My friend Terry had chest pains for several weeks, especially at night. Getting up and taking a hot shower in the middle of the night made her feel better. Then, one day when she was driving to work, she felt nauseous and a stream of vomit spurted out of her mouth. Terry had not eaten breakfast. She turned around and went home and a friend brought her to the hospital. At the hospital, the doctors discovered that Terry had a blocked artery and type 2 diabetes. Although Terry was overweight and often tired, especially after a meal, she had no idea that she had type 2 diabetes.
Type 2 diabetes and heart disease
The doctor told Terry that her diabetes was responsible for the blockage and if she had waited and the blockage had gotten worse, she would have had a full-blown heart attack. Women are five times more likely to die of a heart attack than breast cancer. More women than men die annually of heart disease and diabetes doubles your risk of a heart attack. Non-diabetic women are less likely to have heart disease, a heart attack, or stroke during their child-bearing years (before menopause) than men. But this lower risk disappears in women, who have type 2 diabetes.
Undiagnosed type 2 diabetes
Type 2 diabetes can develop slowly over years and sneak up on you. Based on test results, Terry may have had diabetes for quite a while. Before type 2 diabetes develops, women may have pre-diabetes or insulin resistance, where insulin stops working in clearing blood sugar (glucose) from the circulation. The glucose tolerance test can diagnose insulin resistance.
Risk factors for heart disease in diabetics
Women with diabetes are at greater risk for heart disease than non-diabetic women. But other risk factors in diabetic women also contribute to heart disease.
- · Genes
If one or more of your family members had a heart attack at an early age, which is before age 65 for women, you may have inherited some heart disease genes.
- · Central obesity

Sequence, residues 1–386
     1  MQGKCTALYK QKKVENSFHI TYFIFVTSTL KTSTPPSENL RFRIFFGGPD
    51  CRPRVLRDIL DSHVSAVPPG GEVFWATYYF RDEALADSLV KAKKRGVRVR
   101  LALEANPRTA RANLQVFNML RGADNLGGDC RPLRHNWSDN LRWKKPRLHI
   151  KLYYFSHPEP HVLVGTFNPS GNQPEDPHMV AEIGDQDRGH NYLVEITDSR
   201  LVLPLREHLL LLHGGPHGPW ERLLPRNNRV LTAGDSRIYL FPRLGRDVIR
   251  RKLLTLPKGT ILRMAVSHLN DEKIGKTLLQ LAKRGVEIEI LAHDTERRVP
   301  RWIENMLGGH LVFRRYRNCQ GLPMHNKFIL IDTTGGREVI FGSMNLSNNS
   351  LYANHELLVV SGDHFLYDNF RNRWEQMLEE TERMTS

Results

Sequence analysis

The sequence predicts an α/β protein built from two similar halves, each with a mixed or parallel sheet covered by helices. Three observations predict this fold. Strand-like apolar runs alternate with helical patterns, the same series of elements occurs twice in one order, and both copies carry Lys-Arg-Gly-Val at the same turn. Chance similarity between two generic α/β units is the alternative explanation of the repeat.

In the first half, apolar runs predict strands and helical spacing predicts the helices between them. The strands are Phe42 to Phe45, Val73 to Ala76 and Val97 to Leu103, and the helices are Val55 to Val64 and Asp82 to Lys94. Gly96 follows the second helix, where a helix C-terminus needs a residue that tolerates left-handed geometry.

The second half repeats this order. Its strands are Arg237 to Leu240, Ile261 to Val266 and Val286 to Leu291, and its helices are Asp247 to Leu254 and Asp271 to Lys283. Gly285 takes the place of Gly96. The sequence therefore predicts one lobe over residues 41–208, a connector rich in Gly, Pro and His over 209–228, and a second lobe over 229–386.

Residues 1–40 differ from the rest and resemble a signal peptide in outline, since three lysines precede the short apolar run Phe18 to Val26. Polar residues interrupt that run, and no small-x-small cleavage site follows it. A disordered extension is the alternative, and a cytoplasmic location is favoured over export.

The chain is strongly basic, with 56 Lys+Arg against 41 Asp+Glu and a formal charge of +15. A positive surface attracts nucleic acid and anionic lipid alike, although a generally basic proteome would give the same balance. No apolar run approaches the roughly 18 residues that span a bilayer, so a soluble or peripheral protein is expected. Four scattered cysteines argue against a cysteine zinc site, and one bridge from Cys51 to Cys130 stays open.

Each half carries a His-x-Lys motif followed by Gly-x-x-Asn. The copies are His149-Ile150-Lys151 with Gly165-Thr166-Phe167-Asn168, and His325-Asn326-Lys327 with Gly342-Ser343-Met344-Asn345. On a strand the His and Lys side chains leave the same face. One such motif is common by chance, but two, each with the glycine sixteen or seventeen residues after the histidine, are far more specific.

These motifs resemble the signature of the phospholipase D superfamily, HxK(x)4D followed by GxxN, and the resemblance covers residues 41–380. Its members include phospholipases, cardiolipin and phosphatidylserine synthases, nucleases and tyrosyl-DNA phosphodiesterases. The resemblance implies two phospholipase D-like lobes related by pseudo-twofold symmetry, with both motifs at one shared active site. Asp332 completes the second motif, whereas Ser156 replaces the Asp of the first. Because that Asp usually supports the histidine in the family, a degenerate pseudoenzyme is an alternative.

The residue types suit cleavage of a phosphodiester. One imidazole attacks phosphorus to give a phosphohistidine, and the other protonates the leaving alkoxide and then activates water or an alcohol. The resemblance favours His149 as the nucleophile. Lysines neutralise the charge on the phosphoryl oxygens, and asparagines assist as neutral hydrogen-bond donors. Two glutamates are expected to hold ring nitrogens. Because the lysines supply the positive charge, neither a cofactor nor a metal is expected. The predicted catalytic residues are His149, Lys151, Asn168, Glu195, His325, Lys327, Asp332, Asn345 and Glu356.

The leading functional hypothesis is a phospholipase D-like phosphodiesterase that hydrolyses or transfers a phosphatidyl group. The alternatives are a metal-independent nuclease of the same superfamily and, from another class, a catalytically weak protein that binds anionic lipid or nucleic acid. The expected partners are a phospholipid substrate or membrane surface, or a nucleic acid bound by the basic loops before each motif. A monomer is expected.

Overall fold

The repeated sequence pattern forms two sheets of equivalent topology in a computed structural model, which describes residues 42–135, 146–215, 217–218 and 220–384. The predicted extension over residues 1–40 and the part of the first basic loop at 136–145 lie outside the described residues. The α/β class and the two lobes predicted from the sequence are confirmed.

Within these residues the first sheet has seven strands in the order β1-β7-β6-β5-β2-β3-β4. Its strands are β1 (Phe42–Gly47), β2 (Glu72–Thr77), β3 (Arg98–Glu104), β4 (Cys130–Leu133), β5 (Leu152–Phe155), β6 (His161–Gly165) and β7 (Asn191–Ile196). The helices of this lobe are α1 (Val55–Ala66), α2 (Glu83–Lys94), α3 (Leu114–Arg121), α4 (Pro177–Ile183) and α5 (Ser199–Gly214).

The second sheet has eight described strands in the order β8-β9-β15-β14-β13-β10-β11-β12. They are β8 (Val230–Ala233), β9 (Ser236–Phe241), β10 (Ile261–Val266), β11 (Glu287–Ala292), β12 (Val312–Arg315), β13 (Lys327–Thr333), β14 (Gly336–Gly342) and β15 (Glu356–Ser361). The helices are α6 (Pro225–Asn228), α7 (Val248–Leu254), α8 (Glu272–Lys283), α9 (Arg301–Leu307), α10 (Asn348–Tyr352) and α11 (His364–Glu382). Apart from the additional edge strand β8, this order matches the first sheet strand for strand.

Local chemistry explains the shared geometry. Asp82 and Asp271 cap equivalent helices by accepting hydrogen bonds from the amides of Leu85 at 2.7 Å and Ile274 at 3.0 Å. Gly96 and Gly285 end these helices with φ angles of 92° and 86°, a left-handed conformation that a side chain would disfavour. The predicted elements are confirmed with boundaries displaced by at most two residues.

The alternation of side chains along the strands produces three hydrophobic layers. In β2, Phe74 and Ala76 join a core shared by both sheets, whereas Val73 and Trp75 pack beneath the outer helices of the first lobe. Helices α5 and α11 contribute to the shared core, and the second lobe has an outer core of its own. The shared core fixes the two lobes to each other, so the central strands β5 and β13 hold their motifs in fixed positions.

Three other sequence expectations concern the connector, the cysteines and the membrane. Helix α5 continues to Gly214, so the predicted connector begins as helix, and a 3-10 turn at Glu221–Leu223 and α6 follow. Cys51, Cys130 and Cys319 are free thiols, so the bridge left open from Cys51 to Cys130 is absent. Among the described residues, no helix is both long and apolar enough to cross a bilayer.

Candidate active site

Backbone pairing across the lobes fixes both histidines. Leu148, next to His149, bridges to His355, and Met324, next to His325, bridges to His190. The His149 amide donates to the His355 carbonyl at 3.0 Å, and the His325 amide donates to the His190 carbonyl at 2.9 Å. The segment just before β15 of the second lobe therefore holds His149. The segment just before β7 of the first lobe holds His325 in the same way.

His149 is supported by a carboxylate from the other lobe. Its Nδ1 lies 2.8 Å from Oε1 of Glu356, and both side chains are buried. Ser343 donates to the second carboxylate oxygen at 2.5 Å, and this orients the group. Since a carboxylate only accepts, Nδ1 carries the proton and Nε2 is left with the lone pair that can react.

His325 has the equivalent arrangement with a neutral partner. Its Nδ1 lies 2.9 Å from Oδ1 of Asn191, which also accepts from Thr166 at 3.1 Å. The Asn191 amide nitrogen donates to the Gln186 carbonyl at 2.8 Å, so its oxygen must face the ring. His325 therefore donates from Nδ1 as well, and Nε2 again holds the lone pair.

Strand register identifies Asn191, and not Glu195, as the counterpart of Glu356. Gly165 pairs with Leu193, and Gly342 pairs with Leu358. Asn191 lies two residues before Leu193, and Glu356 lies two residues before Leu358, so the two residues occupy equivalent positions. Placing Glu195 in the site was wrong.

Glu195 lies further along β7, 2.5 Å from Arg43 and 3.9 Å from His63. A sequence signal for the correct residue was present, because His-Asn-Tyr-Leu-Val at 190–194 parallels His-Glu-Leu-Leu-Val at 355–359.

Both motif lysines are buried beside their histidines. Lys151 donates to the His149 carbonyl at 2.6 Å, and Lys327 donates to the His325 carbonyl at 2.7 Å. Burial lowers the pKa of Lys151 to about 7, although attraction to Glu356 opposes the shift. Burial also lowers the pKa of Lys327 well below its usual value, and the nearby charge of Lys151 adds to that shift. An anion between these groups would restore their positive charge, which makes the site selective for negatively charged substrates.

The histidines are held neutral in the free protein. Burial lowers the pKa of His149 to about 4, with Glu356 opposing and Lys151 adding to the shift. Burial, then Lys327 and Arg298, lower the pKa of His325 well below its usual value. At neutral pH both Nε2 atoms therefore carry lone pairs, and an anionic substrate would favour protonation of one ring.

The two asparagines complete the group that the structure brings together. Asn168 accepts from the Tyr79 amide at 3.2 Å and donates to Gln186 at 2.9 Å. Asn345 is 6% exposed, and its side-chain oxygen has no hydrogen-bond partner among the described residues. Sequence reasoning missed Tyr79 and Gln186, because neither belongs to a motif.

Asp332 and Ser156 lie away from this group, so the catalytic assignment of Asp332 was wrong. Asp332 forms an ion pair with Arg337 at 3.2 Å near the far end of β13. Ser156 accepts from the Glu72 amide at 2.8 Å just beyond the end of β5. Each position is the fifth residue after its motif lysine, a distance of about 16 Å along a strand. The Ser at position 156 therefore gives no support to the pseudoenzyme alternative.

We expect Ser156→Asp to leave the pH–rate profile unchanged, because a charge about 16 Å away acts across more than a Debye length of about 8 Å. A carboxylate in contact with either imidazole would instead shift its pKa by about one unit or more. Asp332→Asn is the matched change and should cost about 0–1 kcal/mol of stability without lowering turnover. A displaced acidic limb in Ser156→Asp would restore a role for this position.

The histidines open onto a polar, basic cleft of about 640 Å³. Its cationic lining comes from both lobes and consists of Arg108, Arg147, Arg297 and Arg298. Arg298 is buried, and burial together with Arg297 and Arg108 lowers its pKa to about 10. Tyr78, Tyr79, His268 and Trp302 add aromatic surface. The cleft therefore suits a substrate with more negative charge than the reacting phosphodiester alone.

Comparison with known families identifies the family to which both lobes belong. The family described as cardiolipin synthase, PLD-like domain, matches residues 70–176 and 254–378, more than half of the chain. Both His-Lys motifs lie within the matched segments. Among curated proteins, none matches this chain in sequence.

Carrying extra fat around your waist rather than the hips is also associated with an increased risk for heart disease.
- · High blood pressure
High blood pressure, or hypertension, can damage your blood vessels and strain your heart.
- · Smoking
Smoking is a greater risk factor in diabetics than non-diabetics. Smoking narrows blood vessels, causing the heart to work harder and possibly depriving some tissues of blood and oxygen.
- · High blood cholesterol and triglycerides
Cholesterol, especially LDL cholesterol, and triglycerides can build up in your blood and narrow and stiffen your arteries. In contrast to plaque build-up in men, where build-up is in clumps, buid-up in women is more evenly distributed along the arteries' walls.
Preventing or reversing type 2 diabetes
Type 2 diabetes can be prevented or even reversed by eating a healthy diet and regular exercise. It seems like a simple thing to do, but in practice, it requires a great deal of determination and the ability to let go of old habits. Terry was so terrified by her cardiac event that she made the necessary lifestyle changes. A basic strategy is to:
- · Establish an exercise routine such as walking or other workout.
- · Eat a healthy diet, rich in vegetables and whole grains, and low in sugar and fats.
- · Eat five small meals or snacks throughout the day instead of three large meals to avoid spikes in blood sugar.
- · Monitor your blood sugar closely if you already have type 2 diabetes.
A Woman's Guide to Beating Heart Disease (http://www.yalemedicalgroup.org/stw/Page.asp?PageID=STW000584)
Diabetes, Heart Disease, and Stroke (http://diabetes.niddk.nih.gov/dm/pubs/stroke/)
Women and Heart Disease Facts (http://www.womensheart.org/content/heartdisease/heart_disease_facts.asp)